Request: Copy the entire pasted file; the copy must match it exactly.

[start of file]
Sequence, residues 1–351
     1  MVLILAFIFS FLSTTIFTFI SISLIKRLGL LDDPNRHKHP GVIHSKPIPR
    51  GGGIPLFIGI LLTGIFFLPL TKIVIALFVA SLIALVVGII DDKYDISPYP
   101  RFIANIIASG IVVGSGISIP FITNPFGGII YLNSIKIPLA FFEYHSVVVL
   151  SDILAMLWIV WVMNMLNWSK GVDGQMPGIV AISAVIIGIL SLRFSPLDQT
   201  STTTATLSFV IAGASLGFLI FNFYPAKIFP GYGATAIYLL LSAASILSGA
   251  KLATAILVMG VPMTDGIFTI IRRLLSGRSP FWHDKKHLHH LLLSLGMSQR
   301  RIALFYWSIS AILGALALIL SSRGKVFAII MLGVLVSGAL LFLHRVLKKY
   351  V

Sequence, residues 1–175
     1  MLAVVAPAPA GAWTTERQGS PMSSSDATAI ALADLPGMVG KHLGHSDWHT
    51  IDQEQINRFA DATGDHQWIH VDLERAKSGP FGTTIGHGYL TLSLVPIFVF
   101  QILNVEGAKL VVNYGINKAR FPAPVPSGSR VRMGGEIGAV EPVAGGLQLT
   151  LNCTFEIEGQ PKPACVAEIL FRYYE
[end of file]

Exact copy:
Sequence, residues 1–351
     1  MVLILAFIFS FLSTTIFTFI SISLIKRLGL LDDPNRHKHP GVIHSKPIPR
    51  GGGIPLFIGI LLTGIFFLPL TKIVIALFVA SLIALVVGII DDKYDISPYP
   101  RFIANIIASG IVVGSGISIP FITNPFGGII YLNSIKIPLA FFEYHSVVVL
   151  SDILAMLWIV WVMNMLNWSK GVDGQMPGIV AISAVIIGIL SLRFSPLDQT
   201  STTTATLSFV IAGASLGFLI FNFYPAKIFP GYGATAIYLL LSAASILSGA
   251  KLATAILVMG VPMTDGIFTI IRRLLSGRSP FWHDKKHLHH LLLSLGMSQR
   301  RIALFYWSIS AILGALALIL SSRGKVFAII MLGVLVSGAL LFLHRVLKKY
   351  V

Sequence, residues 1–175
     1  MLAVVAPAPA GAWTTERQGS PMSSSDATAI ALADLPGMVG KHLGHSDWHT
    51  IDQEQINRFA DATGDHQWIH VDLERAKSGP FGTTIGHGYL TLSLVPIFVF
   101  QILNVEGAKL VVNYGINKAR FPAPVPSGSR VRMGGEIGAV EPVAGGLQLT
   151  LNCTFEIEGQ PKPACVAEIL FRYYE